MyLawBC: official launch

Sherry MacLennan, Legal Services Society, BC

The Legal Services Society (LSS) launched MyLawBC, an online platform with an ODR twist, on May 29, 2016. LSS is British Columbia’s legal aid provider, and has a history of providing online self-help. When severe funding cuts in 2002 curtailed family service and eliminated civil legal aid, we filled in gaps online, beginning with our Family Law Website. It was aimed at social service workers who had both the internet access and skills to help our low income clientele. MyLawBC is our first foray into online dispute resolution (ODR).

Since 2002, both who is looking for help online and how they access information has changed. Most low income people now regularly access the internet, usually through a smart phone. As a result of those changes, we knew we needed to adapt to better meet the needs of the people who were looking for answers online. We wanted to help them actually solve or avoid everyday legal problems, not just provide information.

To meet this goal, we envisioned MyLawBC as a flexible platform for dispute resolution and avoidance. This vision led to the tag line, My problem, My solution. Research shows high satisfaction when people feel in control of solutions for their problem. Our object is not so much to educate, but to engage people in solving their problems. To do this, we use a number of techniques:

– interactive questions and answers

–  information in small chunks

– user friendly self-help tools

-links to in-person services

We also highlight the value of professional assistance and provide options for free or low cost legal and alternative services including mediators and notaries. Many Canadians self-represent because they run out of money before their case concludes or because they are afraid of costs. Many, particularly in family cases, go to court by themselves – in BC there are no laws requiring a lawyer be present.

As a legal aid plan, we had significant cost and time constraints. With one-time limited funding, we concluded we could best realize our vision for MyLawBC by working with the Hague Institute for the Internationalisation of Law (HiiL) and Modria, the agencies behind the Dutch legal aid board’s Rechtwijzer site.  This site inspired our vision and future goals. Collaborating internationally is not without challenges, but is not as difficult as one might first think. The benefits were significant in terms of learning new skills and obtaining a secure, flexible platform in a short period of time. Future services may include mediation, arbitration and video advice. Continuing collaboration through the consortium of agencies using this technology means we benefit from lower costs, increased sustainability and further development of platform features.

MyLawBC addresses separation, family violence, mortgage debt, wills & personal planning. A question and answer process (a guided pathway) leads to customized tools and self-help resources tailored to your needs. The ODR twist is found in the Dialogue Tool, a negotiation platform for separating couples. This moves the site from an information orientation to online dispute resolution.  The platform supports separating couples to reflect on their situation, facilitates chat online, financial disclosure and enables them to draft a separation agreement together. If you would like to test the Dialogue Tool, use “Mylawbc” as a surname to help us identify test cases. The Dialogue Tool encourages an interest based approach to resolving issues, but works hand in hand with the separation pathway. The pathway provides an overview of key legal concepts and a tailored negotiation tool kit. You receive the most appropriate kit out of twenty on the system, depending on how you answered the pathway questions. The toolkit contains more in-depth information on legal rights and negotiation tips. We know not all family disputes can be settled, so MyLawBC includes pathways to get a court order or respond to court proceedings. In those cases, links to self-help guides on our Family Law Website are provided.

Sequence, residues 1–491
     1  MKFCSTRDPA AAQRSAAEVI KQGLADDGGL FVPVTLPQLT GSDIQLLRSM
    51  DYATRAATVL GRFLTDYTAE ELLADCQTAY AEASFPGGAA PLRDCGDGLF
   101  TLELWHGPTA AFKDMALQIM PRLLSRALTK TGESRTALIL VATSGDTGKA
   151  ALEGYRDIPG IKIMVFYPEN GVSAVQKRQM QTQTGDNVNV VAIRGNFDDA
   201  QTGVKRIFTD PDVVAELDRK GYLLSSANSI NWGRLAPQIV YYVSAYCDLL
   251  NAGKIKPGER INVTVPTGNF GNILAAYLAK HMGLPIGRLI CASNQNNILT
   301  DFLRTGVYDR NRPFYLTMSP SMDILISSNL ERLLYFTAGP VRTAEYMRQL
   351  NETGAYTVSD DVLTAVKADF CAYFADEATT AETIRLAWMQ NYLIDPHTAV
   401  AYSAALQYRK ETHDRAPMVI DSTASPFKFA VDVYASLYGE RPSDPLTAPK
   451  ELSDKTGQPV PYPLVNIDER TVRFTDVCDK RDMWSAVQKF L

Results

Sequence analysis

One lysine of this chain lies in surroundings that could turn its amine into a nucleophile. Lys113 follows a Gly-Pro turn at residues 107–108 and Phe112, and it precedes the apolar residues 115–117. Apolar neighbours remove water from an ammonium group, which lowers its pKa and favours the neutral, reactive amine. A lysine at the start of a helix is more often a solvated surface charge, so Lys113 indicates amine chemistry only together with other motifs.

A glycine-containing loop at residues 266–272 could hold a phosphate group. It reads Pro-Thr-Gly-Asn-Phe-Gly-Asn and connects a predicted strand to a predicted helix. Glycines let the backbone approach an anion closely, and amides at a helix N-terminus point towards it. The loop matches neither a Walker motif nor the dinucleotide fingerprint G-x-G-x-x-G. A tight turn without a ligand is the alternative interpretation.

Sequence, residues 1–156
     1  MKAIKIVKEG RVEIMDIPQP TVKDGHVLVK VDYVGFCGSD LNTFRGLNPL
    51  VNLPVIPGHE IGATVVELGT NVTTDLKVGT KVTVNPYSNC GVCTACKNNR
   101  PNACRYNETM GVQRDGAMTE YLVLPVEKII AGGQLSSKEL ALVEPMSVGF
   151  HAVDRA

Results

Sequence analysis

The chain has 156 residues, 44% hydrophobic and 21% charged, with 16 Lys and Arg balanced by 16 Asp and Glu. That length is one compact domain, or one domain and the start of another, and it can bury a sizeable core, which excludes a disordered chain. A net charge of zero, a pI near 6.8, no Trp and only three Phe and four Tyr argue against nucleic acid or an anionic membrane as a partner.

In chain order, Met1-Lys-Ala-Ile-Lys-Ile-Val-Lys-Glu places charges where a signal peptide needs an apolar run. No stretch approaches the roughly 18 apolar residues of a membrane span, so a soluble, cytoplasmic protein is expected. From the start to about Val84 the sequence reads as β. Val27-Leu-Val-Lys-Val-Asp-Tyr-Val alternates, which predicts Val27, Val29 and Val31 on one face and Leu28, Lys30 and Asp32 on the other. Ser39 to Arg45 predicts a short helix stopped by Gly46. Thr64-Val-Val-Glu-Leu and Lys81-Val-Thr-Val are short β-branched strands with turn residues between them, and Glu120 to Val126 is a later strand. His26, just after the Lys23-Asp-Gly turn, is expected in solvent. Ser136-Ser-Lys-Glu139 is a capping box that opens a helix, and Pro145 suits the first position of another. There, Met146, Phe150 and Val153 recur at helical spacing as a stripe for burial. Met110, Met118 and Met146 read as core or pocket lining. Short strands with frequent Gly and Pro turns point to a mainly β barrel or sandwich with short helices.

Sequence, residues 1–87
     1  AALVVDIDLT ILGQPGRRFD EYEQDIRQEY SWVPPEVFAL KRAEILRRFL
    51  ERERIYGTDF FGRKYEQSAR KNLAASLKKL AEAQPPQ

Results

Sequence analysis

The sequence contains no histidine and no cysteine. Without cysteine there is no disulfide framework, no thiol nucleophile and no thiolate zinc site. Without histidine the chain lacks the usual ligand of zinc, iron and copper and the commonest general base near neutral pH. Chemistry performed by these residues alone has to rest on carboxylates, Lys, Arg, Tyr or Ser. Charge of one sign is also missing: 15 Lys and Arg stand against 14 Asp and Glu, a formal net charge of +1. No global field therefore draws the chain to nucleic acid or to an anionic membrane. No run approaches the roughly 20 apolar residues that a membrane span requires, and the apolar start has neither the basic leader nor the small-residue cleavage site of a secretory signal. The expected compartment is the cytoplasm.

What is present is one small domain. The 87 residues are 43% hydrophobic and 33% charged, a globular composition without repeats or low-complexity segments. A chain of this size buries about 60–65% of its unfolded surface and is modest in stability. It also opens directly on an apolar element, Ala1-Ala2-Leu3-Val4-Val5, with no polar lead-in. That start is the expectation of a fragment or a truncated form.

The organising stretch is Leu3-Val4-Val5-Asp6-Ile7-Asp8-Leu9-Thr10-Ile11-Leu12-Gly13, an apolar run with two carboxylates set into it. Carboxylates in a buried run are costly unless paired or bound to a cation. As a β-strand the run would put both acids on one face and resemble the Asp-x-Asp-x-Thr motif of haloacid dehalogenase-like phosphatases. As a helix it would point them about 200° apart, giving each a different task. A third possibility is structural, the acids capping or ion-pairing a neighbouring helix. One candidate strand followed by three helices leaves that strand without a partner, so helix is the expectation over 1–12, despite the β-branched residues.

Early stakeholder access and media coverage prior to the official launch meant there were nearly 3000 visits to the site before the official launch. The wills pathway proved most popular with 37 per cent of the traffic, followed by the separation pathway. Feedback has been positive particularly with regard to the design and accessibility: the site focuses on user experience and strong visuals, incorporating infographics, video and audio clips. Text based tools feature illustrations and checklists to engage the reader. Action plans are written at no higher than grade eight literacy levels.

Our next steps are more user testing, an evaluation for effectiveness, planning for future services and applying what we’ve learned to our older websites.


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